Street Fighter IV

Year: 2009
Platform: Xbox 360, PlayStation3
Publisher: Capcom
Genre: Fighting
Review Date: 3/15/09
Rating: ****

It's been eighteen years since the genre defining "Street Fighter II" came out, and it's gone through numerous iterations and revisions. While "Street Fighter III" was a solid and well crafted game, its characters never seemed to find a following and the game was quickly disregarded by all but the most hardcore fans. "Third Strike" reintroduced series veteran Chun-Li, but still failed to capture the magic of SF-II. As a result, Capcom decided to go back to its roots with "Street Fighter IV" and basically make an all new version of "Street Fighter II" with all of the classic characters as well as some new additions and fan favorites from other games in the series. The game maintains its core 2D fighting mechanics, but the characters are all rendered in 3D. Capcom tried this once before with the ill-received "Street Fighter EX" (I believe), and corrected their earlier mistakes by adopting a uniquely distinctive cartoon look for the characters. While they're not much to look at in still shots, the exaggerated caricatures are beautiful to watch in motion. Curiously, apart from the visual presentation, the game hasn't really evolved at all since the inception of SF-II. It continues to be a deep technical fighter, but is also easy enough for newcomers to pick up. Capcom is notorious for making ridiculously hard fighting games, but they thankfully cranked down the difficulty so that it's actually playable on the easiest setting.

Each fighter has their own animated intro movie that attempts to put a story behind that character's motivations. They're all rather obscure, and the game tries really hard to tie all of the various threads together, but unfortunately, it doesn't quite work. They're silly and fun to watch, but don't try too hard to make any sense of them. Each character also has a rival character that must be defeated before facing the new super villain, Seth. Drawing inspiration from "SoulCalibur's" Inferno, Seth uses a combination of techniques from all of the other characters, making him a tricky foe to counter. He also has a couple of other nasty tricks that he uses, and is generally a total pain in the ass. Several characters are unlockable, including "Street Fighter Alpha's" plucky Sakura, Fei-Long, Gen, Dan, Rose, and fan favorite Cammy. Cammy is by far the most attractive character in the game, as well as the least cartoonish. The queen of fighters, Chun-Li, makes her triumphant return to the stage, but her enormous thighs are bigger than ever and she appears to have gotten a boob job, which is unfortunate. The four new characters don't really fit in with the style of the other characters and are mostly annoying. I was super intrigued by Crimson Viper at first, but her in-game model is unattractive and she's not very fun to play. She looks and acts more like an SNK character than a Capcom character, and her technique doesn't fit in with the rest of the fighters. Rufus is a ridiculous tub of lard who was clearly intended as a joke, and his inclusion in the game is odd.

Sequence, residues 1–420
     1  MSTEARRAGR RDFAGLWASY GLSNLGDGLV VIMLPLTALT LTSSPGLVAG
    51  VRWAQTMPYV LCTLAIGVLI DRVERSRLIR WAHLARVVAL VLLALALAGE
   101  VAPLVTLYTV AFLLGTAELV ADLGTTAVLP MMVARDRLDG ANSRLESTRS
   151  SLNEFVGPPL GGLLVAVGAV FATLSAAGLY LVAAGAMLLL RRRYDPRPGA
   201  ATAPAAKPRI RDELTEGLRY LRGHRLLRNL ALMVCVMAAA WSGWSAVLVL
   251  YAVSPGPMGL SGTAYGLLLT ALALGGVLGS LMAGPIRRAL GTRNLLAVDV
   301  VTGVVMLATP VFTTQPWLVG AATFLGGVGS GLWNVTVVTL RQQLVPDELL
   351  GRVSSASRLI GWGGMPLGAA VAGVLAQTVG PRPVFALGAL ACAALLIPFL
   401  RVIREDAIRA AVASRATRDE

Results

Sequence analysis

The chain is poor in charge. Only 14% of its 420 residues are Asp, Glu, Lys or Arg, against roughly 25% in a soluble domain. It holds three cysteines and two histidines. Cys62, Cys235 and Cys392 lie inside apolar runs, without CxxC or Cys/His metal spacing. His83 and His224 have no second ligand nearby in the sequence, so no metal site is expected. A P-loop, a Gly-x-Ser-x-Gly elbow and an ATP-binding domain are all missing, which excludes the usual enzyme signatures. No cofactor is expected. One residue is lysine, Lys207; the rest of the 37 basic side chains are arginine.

Presentation wise, the game looks like a cross between "Street Fighter II" and "Project Justice," with a dash of "Okami" thrown in. The classic stages are revamped to have more depth and animation, but are still not interactive. The soundtrack is very reminiscent of Team Ninja's "Dead Or Alive 3" which is a vast improvement over the crappy trip-hop score from SF-III. However, Fei-Long's theme becomes extremely irritating after only ten seconds. As great as the game is, it has plenty of shortcomings, the most glaring one being the supremely annoying announcer. I just wish he would shut the hell up, but there's no option for that. The victory poses are too long and uninteresting, and the long delay between battles interrupts the otherwise brisk pacing. SF-IV is a fun distraction and great for nostalgia, but it's intended for much more serious players. For my tastes, the "Dead Or Alive" games are far more fun and entertaining.